Hundreds of wine-lovers lose out as 'posh Farepak' crashes

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The Independent Online

Wine buffs have been left nursing losses of tens of thousands of pounds from the collapse of an online exchange that aimed to make it easier to invest in rare cases.

Victims poured money into buying expensive Bordeaux and Burgundy from the glamorous British website uvine.com, once backed by the former England cricketer David Gower. But they were left high - and dry - when the company collapsed with multimillion-pound losses.

Now the creditors, including a member of the House of Lords owed £17,000, suspect foul play. In an echo of the Farepak scandal, uvine kept taking money from customers while lurching seemingly inexorably towards disaster.

When the wine equivalent of eBay went into administration in late September, 400 people were left scrambling to find wine orders. Two hundred are still owed substantial sums, including one out of pocket by £350,000.

Concerns arising from the collapse have prompted administrators to report nine instances of possible misconduct to the Department of Trade and Industry. Prosecutions are possible.

At the centre of the affair is Christopher Burr, 55, a former director of international wine sales at Christie's and a master of wine. During the dot.com boom, he launched uvine with £7.5m from three investors. David Gower was persuaded to be external relations manager; his involvement ceased in 2003.

At first uvine.com had a glamorous image with offices in California and Australia, but in recent times some of its 25,000 clients complained that they were left waiting for long periods to receive payment.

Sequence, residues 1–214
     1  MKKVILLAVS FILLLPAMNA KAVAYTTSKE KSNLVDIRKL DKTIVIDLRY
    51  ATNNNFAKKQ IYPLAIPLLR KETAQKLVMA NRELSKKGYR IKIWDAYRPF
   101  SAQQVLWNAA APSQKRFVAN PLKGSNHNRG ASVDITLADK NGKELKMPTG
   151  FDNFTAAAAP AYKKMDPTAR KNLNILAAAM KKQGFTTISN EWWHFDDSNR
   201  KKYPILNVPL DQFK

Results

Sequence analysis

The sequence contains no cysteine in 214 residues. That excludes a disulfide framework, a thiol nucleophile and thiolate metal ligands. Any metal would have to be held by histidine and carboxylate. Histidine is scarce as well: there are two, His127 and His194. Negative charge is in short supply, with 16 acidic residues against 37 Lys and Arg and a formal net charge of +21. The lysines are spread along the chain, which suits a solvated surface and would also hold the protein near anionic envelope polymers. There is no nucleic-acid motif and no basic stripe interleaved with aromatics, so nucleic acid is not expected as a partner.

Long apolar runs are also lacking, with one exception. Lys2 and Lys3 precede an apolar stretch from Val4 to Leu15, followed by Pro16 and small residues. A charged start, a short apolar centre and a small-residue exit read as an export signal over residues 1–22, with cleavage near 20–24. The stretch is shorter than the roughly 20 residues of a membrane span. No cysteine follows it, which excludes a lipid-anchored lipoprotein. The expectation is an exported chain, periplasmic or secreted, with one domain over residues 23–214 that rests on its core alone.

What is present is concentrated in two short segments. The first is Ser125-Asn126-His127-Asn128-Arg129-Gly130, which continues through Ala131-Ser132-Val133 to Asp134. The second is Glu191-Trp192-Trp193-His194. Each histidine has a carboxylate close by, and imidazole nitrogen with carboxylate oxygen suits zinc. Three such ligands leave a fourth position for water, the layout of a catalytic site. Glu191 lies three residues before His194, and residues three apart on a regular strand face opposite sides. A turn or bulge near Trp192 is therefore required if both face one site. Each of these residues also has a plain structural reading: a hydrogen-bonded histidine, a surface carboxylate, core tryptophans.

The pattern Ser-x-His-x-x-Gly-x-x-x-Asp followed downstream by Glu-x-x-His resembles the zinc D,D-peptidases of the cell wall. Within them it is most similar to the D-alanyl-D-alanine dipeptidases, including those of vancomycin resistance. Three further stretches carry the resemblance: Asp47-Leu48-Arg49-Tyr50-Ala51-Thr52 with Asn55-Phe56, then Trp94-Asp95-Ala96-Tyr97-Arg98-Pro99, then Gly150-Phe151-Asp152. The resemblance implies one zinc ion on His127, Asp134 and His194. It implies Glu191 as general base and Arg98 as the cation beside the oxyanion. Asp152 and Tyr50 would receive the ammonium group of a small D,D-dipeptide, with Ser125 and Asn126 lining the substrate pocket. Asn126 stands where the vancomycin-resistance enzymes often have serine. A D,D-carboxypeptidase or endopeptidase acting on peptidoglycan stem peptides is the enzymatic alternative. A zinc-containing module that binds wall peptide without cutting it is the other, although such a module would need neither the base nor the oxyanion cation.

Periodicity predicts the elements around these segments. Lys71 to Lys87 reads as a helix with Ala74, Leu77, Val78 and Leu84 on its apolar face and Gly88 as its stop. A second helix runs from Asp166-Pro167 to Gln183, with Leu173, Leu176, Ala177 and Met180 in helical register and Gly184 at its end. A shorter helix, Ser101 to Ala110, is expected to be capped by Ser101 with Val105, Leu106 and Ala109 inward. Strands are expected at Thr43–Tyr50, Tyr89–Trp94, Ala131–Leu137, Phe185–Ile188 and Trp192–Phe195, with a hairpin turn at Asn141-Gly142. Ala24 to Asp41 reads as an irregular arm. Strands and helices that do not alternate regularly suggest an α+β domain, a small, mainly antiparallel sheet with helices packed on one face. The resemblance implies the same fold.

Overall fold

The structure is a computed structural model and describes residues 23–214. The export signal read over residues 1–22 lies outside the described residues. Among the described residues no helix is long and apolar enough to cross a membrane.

They were unwittingly risking their money. Unlike eBay, uvine was an actual middleman, taking money from the buyer and - after commission - passing it on to the seller.

From 2003 to 2005 the amount owed to creditors rose from £89,000 to more than £1.4m.

The administrators, Graham Wolloff and John Munn, said on 16 November said: "Although many clients appeared to be under the impression that the company operated individual bank accounts for each client, there was only one client bank account. Regrettably, I have to confirm it appears the monies paid into the client account were then utilised to fund the company's business operations or to repay earlier debts to clients."

Despite being made bankrupt on 26 June, Mr Burr - the only executive director - stayed in charge well into September. By the time his company collapsed, losses totalled £10m.

Mr Burr, who appeared to have an overdrawn loan account of £102,000 at the company, declined to comment. But he told decanter.com this month a large part of the withdrawals was to cover his loans to the company as well as salary and "non-claimable business expenses".

He said: "In absolutely no way should it be implied I was withdrawing cash from the business for my own purposes or benefit."

The administrators are now seeking to recover money for the creditors.